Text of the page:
Helping an anxious child through a PCS.
“I’m worried,” whispers the little boy to his mother while he fidgets on a bench behind the playground. My eyes casually roam to where the mother and son closely huddle together.
“What are you worried about, honey?” The mom asks in a sweet maternal voice. Waiting for the reply, wondering myself what would make a ten year-old-looking boy so worried and nervous at a playground. I scan the equipment, the park and street for any danger or looming darkness of the skies. Nothing. It’s a perfect park day. We’re on a military base, and the park is open and inviting. The sun is shining, and skies are blue. It’s a beautiful day. My kids are the only other children playing, and they’re harmless – unless you’re a strawberry cupcake or the ice cream truck.
I lean in a little closer, so I hear his response. After kicking a few rocks and shrugging his shoulders, never glancing up he responds.
The anxious military child. I have a name for them – Lil’ Worrying Warriors. I have one, and he’s amazing. I understand what “everything” means without him having to explain it.
Anxiety is part of any childhood, but for children of military families, it can take on a life of its own, especially around PCS season. It means a change in routine, a relocation, a change in home, a change in school and a change in friends. As a parent, we know when something might trigger our Lil Worrying Warriors. We understand our child is different, and we’ll make every accommodation to calm them before they reach the storm.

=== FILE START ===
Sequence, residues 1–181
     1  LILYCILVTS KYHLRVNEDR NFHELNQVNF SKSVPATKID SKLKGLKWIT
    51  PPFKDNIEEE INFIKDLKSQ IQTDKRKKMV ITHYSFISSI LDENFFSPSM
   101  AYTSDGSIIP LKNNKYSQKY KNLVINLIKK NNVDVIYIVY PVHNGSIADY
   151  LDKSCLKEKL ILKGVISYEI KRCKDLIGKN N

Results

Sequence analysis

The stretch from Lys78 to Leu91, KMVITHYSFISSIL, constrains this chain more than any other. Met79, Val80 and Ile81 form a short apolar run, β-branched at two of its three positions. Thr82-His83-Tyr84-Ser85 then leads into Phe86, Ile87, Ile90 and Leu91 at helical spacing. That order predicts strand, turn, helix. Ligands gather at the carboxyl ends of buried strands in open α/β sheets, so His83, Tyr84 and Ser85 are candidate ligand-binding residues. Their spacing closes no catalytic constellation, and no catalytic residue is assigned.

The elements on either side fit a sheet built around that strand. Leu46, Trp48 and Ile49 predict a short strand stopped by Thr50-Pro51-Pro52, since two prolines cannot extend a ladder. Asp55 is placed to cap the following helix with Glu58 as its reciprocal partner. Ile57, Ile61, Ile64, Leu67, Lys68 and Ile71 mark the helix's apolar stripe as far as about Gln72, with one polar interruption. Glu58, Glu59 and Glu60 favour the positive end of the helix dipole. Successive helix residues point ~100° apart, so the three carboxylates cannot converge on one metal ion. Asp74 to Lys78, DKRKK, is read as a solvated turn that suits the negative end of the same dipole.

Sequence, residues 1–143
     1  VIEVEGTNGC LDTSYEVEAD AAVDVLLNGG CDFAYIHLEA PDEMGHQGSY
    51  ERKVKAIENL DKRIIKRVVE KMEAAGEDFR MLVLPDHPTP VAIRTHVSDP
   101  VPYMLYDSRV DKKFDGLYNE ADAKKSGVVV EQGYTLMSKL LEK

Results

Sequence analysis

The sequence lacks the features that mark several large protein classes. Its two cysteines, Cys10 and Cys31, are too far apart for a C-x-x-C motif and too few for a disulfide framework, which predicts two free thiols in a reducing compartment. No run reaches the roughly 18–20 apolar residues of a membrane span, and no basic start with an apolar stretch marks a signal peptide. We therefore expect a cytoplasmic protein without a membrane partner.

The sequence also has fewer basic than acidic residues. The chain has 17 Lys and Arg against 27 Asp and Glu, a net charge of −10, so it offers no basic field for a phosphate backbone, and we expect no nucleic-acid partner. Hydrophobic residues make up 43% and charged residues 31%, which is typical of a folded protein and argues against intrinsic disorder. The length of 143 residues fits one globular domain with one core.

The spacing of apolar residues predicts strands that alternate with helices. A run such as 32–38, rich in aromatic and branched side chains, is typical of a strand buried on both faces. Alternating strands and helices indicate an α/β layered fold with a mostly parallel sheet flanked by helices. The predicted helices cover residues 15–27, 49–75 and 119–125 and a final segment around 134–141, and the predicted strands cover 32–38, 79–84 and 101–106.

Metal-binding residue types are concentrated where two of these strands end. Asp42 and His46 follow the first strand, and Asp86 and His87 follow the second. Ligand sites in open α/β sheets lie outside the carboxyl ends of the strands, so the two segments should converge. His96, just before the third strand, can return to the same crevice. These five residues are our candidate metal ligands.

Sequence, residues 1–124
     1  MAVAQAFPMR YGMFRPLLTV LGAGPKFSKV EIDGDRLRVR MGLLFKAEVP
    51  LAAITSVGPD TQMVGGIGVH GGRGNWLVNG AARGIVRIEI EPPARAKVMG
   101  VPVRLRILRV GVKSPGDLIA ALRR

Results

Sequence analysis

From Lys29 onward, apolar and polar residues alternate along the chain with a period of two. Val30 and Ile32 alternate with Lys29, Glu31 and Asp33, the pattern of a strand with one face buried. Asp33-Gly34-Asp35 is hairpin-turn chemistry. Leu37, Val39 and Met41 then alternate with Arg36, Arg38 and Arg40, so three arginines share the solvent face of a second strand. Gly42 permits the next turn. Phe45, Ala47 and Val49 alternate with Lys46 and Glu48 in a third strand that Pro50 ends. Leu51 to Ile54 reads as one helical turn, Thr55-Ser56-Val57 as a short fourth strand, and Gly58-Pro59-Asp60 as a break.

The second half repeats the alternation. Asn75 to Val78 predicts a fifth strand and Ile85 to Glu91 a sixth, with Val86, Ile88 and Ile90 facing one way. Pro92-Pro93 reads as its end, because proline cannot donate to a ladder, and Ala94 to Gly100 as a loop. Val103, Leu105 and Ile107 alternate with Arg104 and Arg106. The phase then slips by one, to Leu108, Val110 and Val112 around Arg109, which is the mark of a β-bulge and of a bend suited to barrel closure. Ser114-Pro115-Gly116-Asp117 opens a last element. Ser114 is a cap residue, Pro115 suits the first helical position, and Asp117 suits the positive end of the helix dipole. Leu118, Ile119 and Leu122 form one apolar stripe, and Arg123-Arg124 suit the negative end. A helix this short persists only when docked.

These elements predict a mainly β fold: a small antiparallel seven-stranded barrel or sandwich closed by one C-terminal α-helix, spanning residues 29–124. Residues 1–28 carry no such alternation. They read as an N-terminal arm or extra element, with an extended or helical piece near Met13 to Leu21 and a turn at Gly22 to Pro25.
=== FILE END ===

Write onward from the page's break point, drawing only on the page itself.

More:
In general, anxiety is a good thing. It’s our body’s natural response to danger or feeling stress. Call it our internal alarm system that allows us to jump out of the way of a car or gives us the sense of urgency when there are important events in our life. Anxiety affects children in the same way as it affects adults – both physical and emotional. Children can feel the same “fight or flight” sensation as we do such as heart racing, muscles tense, pupils dilating, sweating and more.
Experts believe anxiety can be genetic or provoked by life experiences. As the saying goes, the apple doesn’t fall far from the tree. If a parent or close relative is anxious, a child is more likely to have problems with anxiety. However, life experiences such as bullying at school, a bad experience at the doctors, trouble at home or things children have witnessed can exaggerate their anxiety.
Anxiety in children can show up in many different ways such as panic attacks, social anxiety, frequent nightmares, excessive worrying, germophobia or insects/animals. The range is as diverse as the children.
Many children can experience an array of anxiety before, during and after a PCS. Starting a new school is a common fear, but children can associate a new move with the deployment of a parent. Anxious children worry about the future, not the present. Experiencing something new and scary, like something as simple as strange weather patterns in a new location can trigger anxiety, could cause worrying.
In school, just saying hello in the halls or raising their hand in class can be a traumatic experience and can interfere with the ability to learn. Remember, anxiety is both physical and emotional. The flight or fight response will kick in for something as minor as being called on to answer a question in class. It can be an exhausting and scary experience for children, especially when they don’t understand what they are feeling.
Telling an anxious child to “just relax” is not helpful nor a solution. It has the opposite effect. There are real exercises and mental thoughts children can use to work through anxiety. According to Anxiety BC , a resource site dedicated to helping kids understand and cope with their anxiety, there are a number of Chill Out tools children can use when they feel anxiety taking hold.